Looking For Savings in Unlikely Places
The second article in this TPA Central Utility Plant (CUP) chilling series is about…well, producing chilled and hot water at the same time. This is accomplished through the use of Heat Recovery Chillers (HRCs), which reject condenser heat to the hot water loop instead of to a cooling tower (as in a conventional water-cooled system). This reduction in conventional boiler load is an excellent opportunity to save energy when simultaneous heating and cooling are required.
For this facility, a sixth of the peak cooling load is equivalent to the peak heating load. Therefore, it doesn’t take much cooling capacity to create the heat needed to serve the Main Terminal in the winter, and even less for reheat mode during dehumidification.
When designing the Heat Recovery Chiller, the first step is to find the point at which the simultaneous demand for heating and cooling is maximized, as shown in Figure 1. This point is not likely to be equal to either the peak heating or cooling load. The chilled water loop must be balanced so that the amount of cooling being put back into the loop is equal to the amount being used. This means that cooler chilled water needs to be added to the loop ahead of the primary chiller return inlets in the case of the CUP.
This approach was chosen because the chilled water system volume (roughly 25,000 gallons) has significant thermal inertia and the risk of cycling the HRC from overcooling the loop too quickly could be minimized. Even during the coldest part of the winter, the airport has a year-round demand for cooling to support telecommunication and data rooms, food refrigeration equipment, baggage handling, screening areas, and similar spaces.
As mentioned earlier, the HRC was put ahead of the primary chillers in a pre-cool position. The original design intent was that the resulting 50-55°F chilled water temperature would be adequate for internal cooling in the winter. However, the owner’s preference was to limit the CHW reset from 42°F to a max of 48°F due to concerns with internal space temperatures drifting out of range, causing the main chillers to run. In doing so, the equipment would need at least 25% load, 35% realistically, to keep out of hot gas reheat. The bottom-end HRC operation is a minimum building load of 300 tons to keep the lead chiller online. In Figure 2, the plot shows the HRC (blue line) is off until 40°F outside and can remain on while providing primary building heating up to 60°F, then reheat for dehumidification. The figure shows a 2-month trend to illustrate the real-life operation.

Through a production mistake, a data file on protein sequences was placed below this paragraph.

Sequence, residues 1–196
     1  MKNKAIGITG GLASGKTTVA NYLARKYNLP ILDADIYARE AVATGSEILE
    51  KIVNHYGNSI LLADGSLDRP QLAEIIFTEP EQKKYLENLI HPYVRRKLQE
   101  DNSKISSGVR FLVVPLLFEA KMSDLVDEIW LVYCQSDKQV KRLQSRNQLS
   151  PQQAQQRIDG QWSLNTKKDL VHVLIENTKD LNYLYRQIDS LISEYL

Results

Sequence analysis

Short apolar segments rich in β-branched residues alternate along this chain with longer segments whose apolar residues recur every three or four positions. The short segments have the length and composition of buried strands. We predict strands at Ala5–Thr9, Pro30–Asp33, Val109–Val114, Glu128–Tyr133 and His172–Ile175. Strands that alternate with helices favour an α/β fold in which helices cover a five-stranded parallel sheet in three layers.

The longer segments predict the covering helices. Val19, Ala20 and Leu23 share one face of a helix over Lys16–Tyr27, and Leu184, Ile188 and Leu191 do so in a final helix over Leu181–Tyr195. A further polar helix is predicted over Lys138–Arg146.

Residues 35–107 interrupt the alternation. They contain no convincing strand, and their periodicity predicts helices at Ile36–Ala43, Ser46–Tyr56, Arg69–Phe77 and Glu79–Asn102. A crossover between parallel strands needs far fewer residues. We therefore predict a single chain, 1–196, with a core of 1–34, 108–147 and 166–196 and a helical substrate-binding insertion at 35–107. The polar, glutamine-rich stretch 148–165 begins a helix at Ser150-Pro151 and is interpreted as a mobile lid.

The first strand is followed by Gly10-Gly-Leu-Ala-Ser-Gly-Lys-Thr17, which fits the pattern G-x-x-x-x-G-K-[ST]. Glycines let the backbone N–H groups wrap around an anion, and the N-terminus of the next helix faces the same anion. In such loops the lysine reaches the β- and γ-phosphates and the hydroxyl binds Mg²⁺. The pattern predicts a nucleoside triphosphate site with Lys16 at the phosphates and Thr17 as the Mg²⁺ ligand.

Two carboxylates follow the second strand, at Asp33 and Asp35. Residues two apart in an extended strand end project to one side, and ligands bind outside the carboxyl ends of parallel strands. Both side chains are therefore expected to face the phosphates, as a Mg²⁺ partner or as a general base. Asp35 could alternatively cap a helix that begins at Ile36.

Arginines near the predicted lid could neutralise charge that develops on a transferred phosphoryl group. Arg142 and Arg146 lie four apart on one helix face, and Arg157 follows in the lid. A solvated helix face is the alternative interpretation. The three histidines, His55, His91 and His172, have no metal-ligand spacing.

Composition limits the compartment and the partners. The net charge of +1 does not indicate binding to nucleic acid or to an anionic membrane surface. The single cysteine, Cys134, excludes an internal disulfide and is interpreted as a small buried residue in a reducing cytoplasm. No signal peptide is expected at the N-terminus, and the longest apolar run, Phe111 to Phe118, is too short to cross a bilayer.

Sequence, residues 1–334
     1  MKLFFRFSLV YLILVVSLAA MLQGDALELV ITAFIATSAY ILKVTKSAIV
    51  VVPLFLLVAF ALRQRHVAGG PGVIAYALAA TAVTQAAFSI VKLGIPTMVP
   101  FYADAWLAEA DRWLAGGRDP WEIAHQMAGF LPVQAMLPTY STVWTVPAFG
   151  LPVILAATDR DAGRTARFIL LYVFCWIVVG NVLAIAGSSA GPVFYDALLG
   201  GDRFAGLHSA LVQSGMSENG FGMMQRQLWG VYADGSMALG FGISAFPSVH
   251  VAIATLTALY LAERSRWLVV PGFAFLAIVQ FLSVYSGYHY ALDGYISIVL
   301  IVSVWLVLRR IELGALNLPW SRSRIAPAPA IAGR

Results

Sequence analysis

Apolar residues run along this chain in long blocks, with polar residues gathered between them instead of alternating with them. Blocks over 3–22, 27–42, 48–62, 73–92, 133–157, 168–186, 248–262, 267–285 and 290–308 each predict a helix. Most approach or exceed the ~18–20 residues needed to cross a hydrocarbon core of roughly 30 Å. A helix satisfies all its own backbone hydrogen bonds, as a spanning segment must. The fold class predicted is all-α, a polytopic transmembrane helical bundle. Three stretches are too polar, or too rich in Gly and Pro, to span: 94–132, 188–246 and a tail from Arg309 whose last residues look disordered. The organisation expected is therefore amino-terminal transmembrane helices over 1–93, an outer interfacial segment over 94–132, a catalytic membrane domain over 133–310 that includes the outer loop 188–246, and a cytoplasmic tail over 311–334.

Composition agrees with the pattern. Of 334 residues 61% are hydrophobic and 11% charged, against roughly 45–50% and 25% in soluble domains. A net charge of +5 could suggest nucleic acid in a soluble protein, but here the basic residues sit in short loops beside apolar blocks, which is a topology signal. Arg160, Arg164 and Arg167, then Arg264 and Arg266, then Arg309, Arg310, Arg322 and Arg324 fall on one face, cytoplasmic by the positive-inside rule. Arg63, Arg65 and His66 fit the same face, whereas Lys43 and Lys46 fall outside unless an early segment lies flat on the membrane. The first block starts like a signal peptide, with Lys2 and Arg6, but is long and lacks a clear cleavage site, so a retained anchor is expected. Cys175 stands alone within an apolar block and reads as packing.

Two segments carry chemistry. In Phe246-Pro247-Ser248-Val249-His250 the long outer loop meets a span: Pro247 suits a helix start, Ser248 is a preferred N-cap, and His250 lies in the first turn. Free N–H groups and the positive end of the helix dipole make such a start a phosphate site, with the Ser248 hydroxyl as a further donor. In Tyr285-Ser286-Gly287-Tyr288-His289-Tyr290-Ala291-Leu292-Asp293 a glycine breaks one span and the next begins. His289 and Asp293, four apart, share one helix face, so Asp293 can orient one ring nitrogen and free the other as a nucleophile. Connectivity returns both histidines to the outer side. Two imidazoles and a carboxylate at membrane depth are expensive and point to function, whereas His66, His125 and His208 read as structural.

It’s not a complete loss since the condensing boilers are running on the coldest days and may have condensing flue gasses. Cold return water temperatures are needed to do that, which may not be seen in the shoulder months when outdoor temperatures are mild. Hurrah!
Not running all of the cooling towers is not necessarily an obvious place to recover savings but worth considering. Because the on-premise water source heat pump moves energy from a source to a load within a closed loop, the heat rejection that the main chillers would burden the cooling towers with, efficiency is increased. The moral to this chilling story is that for every ton offset with an HRC, water, water treatment, fan, and pump energy can be saved.
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